As you start to put your applications together, there is one piece that is vital to complete your application: your letters of recommendation. These will come from two sources: your teachers, and your guidance counselor. While you will only have one counselor recommendation, depending on the schools you are applying to, you may have as many as three teacher recommendations.
Recommendations are a sometimes undervalued piece of your application. Do not throw these together at the last minute. Have a plan going in. Your grades and test scores are a good indicator for your academic abilities, but much like your personal statement essays, your recommendations will bring to light who you are as a person and community member. These letters help colleges to understand who you are, and what you’ll add to their campus (besides your smarts, of course).
To help you gather these recommendations, we’ve put together a few tips:
Ask now – Your teachers are likely to get several students asking for recommendations, and it never hurts to ask as early in the year as possible. By now, you should have a list of schools and application deadlines, so be sure to include your earliest deadline when you ask your teachers.
Ask nicely – Never assume a teacher will write a recommendation for you. In general, writing student recommendations is not a requirement for them, and they’re taking time out of their own busy schedules to help you get into college.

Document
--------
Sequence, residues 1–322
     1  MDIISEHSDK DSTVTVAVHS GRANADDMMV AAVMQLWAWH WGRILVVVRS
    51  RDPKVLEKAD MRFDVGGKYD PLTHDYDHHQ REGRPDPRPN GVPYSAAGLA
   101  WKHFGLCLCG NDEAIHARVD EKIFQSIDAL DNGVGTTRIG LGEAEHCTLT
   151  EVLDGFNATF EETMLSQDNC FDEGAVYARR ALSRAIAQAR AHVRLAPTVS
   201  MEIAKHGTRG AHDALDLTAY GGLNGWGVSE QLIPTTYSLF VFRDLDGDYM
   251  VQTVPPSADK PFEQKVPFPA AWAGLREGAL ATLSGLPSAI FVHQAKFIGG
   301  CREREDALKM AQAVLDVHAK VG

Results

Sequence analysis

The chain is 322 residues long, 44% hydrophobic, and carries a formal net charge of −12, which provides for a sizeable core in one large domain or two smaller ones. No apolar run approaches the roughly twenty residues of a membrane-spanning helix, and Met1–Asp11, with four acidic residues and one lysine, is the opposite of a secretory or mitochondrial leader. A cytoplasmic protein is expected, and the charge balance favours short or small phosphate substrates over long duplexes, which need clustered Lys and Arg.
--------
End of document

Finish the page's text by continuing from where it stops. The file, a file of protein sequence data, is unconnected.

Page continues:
Ask teachers who know you well, and taught you in your junior or senior year – Were you an assistant in their class? Did you work on a special assignment with them? These generally make the best recommendations, but colleges do want to see letters from teachers you had more recently, rather than your 9th grade Spanish teacher.
Get to know your guidance counselor – If you haven’t taken the time to get to know your counselor, now is the time. Their letter of recommendation will go over your extracurricular activities, your overall academic record, and also who you are as a person within your school community. If your counselor knows you well, it will shine through in their letter.
Say thank you – Letters of recommendation are a lot of work! Teachers and counselors work very hard to make sure these letters present you in the best light. While recommendations are generally part of your counselor’s job, teachers are taking time out of their busy schedules to help you achieve your goals. Make sure to thank both teachers and counselors with a thank you note after your applications are submitted.
We hope these tips will be helpful – you’re almost through to the finish line! As always, if we can help, let us know.